“The people on the ground who make history through their actions, who take the risks, take the fall, who take the harm are very rarely celebrated,” Mobley said. “All of the Re:Generation projects flip that on its head and they’re celebrating collective action and everyday people.”
Monument Lab’s Re:Generation project is reexamining the role of monuments in 10 locations across the country. Mobley said the Griot’s pitch stood out for its approach to honor people who are actively making a difference in the region.
“The public sphere should reflect who is holding up communities, who is supporting the people around them, but also that we should give people their flowers while they're here,” Mobley said. “We are too often mourning and remembering when someone's gone.”
It’s one of the reasons the Griot nominated Ollie Stewart, founder and executive director of Southside Wellness Center, which has catered to seniors across the St. Louis area for about 45 years. Stewart started the organization after noticing older people in her community didn’t have cars or people to take them to doctor's appointments. Workers regularly drive seniors to appointments, provide flu and COVID vaccines and a place for them to socialize.
“I feel it is important for my grandkids, for my family members and for other young black women,” Stewart said. “Our history has not been told. And it will never be told unless we tell it.”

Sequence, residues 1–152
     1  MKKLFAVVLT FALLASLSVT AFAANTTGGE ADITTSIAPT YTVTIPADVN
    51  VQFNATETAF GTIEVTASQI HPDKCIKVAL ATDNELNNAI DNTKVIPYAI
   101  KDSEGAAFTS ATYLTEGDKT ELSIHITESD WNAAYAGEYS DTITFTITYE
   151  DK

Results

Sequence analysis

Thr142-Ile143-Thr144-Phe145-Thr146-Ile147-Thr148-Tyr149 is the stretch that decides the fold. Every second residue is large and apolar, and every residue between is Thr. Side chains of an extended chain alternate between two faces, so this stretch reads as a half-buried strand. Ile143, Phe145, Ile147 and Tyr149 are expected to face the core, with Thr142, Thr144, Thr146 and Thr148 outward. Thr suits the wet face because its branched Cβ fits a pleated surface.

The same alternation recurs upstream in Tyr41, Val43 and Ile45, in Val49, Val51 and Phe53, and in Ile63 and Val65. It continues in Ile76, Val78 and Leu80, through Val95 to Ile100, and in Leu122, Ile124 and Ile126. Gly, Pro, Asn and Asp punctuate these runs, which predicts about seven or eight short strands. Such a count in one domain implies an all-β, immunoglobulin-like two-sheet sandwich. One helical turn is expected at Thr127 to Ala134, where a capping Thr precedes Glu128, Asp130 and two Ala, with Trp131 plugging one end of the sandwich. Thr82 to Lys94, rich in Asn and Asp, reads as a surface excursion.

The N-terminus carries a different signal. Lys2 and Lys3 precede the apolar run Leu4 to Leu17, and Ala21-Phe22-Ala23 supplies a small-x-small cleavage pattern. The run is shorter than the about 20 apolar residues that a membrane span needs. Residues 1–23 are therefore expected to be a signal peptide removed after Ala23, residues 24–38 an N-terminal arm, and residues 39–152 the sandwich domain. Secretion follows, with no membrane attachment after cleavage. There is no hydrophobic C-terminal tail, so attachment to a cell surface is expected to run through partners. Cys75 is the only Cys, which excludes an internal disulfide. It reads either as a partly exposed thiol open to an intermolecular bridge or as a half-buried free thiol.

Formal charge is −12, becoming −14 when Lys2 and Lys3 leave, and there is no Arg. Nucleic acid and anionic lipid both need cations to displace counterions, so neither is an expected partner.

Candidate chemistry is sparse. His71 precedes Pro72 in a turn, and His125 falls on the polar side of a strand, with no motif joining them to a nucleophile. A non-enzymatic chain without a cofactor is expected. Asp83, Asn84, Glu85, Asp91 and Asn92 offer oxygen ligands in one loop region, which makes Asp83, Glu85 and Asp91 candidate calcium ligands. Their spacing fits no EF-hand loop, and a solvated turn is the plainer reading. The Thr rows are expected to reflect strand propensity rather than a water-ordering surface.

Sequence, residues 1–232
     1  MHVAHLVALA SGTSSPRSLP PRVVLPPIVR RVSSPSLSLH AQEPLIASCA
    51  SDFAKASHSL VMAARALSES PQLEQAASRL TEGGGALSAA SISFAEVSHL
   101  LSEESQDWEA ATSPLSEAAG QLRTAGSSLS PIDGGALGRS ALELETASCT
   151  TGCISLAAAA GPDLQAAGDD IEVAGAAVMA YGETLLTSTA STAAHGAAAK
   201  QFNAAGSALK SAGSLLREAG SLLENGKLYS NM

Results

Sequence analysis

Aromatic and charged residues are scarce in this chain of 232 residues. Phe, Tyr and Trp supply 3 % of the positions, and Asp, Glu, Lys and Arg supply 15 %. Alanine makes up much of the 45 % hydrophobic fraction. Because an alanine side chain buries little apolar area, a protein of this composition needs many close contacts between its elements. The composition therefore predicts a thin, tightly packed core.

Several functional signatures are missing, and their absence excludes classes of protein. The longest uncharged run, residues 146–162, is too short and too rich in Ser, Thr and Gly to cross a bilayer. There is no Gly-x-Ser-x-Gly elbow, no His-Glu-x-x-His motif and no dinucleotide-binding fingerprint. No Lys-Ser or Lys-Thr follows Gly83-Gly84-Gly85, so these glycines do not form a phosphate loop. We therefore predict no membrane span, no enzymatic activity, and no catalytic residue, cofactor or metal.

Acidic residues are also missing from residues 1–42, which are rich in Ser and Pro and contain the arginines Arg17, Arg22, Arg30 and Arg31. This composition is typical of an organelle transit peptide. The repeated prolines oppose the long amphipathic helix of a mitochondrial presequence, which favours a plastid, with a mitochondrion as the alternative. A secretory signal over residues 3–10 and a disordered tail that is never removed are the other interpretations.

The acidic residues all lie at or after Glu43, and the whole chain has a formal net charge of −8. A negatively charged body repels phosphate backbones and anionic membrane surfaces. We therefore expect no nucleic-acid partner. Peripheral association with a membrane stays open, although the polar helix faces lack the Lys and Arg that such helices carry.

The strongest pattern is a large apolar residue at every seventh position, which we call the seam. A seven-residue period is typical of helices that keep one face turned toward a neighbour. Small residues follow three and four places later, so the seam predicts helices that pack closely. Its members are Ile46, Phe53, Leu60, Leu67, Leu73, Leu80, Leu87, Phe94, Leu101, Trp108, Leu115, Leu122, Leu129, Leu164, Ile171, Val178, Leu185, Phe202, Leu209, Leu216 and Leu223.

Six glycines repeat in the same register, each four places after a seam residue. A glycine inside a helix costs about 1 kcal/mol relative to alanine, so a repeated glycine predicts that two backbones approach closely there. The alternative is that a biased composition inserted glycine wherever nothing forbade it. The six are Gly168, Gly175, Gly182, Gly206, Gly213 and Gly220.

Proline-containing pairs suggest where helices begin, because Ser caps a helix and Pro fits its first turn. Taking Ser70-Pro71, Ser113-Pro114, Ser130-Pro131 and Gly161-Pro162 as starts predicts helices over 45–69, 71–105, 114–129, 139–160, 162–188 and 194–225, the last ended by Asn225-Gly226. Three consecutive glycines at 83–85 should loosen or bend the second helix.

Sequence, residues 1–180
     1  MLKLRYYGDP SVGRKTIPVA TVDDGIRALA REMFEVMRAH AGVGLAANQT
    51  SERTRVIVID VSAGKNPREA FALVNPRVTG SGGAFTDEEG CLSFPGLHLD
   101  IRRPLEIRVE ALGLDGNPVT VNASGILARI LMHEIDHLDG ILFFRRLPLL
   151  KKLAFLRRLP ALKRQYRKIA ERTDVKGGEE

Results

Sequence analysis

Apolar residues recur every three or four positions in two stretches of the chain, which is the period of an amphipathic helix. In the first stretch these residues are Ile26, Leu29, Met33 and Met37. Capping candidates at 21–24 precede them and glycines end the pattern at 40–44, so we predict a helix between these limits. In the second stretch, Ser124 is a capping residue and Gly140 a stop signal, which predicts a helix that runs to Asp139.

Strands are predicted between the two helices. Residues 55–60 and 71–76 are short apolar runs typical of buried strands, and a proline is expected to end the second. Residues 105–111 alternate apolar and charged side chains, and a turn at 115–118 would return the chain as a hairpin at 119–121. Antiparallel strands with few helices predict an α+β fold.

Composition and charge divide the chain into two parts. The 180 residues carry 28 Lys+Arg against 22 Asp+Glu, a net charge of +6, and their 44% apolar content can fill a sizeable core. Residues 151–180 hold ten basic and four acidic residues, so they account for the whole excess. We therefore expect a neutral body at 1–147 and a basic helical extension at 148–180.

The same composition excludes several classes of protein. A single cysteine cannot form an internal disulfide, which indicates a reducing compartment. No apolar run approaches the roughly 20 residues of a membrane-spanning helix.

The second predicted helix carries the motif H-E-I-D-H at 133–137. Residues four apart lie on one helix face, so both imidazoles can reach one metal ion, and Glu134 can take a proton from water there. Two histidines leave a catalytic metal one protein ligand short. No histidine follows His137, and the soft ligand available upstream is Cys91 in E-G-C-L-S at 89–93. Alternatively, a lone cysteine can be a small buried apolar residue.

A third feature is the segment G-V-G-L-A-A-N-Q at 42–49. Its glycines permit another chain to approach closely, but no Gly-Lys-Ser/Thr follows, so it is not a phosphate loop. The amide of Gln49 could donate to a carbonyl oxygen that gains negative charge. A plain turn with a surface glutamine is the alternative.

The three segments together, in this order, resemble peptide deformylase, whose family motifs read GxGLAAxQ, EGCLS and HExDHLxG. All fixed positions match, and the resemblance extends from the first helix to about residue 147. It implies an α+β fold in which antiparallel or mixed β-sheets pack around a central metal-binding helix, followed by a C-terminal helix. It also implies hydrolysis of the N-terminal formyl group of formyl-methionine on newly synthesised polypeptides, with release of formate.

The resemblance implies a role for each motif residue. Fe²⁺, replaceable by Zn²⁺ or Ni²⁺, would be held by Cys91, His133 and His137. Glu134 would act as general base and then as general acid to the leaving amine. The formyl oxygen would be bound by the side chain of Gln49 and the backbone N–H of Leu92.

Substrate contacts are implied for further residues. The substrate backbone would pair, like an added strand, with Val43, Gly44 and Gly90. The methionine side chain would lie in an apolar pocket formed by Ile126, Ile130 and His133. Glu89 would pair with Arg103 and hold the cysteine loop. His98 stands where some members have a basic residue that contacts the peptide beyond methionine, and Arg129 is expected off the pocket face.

The next phase of the project will include raising money to support installations of the first memory markers on the grounds of the Griot Museum in 2023 and throughout the region. It will coincide with a public installation by architect David Adjaye, the designer of the National Museum of African American history in D.C., who will build a public installation outside the museum.
Conley also will be recognized. The Griot’s team nominated her to be included in the inaugural class of honorees.
For Conley, the works are a dream come true and part of a 25-year effort to expand the museum and share the region’s Black history.
“This is going to bring a lot of national attention to the Griot, attention that we probably wouldn't have gotten at this level without that,” Conley said. “To be able to say we have the monument project supporting the Herstory activity as well, I just think it's just gonna be wonderful for the Griot, finally, to get that kind of attention.”
The honorees include:
Etta Daniels, historian at Greenwood Cemetery Preservation Association
Barbara Bowman, vice president and controller of the Urban League of Metropolitan St. Louis
Adelia Parker-Castro, multimedia artist and arts educator
Anne-Marie Clarke, former St. Louis family court commissioner
Bonita Cornute, broadcast journalist and media specialist
Kendra Holmes, chief operating officer at Affinia Healthcare
Tishaura Jones, mayor of St. Louis
Traci Berry-McGhee, motivational speaker
Sandra Moore, community development and human services executive
Edna Hanks Pipes, educator
Jamala Rogers, author and social activist
Ollie Stewart, executive director of Southside Wellness Center
Lois Conley, founder and executive director of the Griot Museum of Black History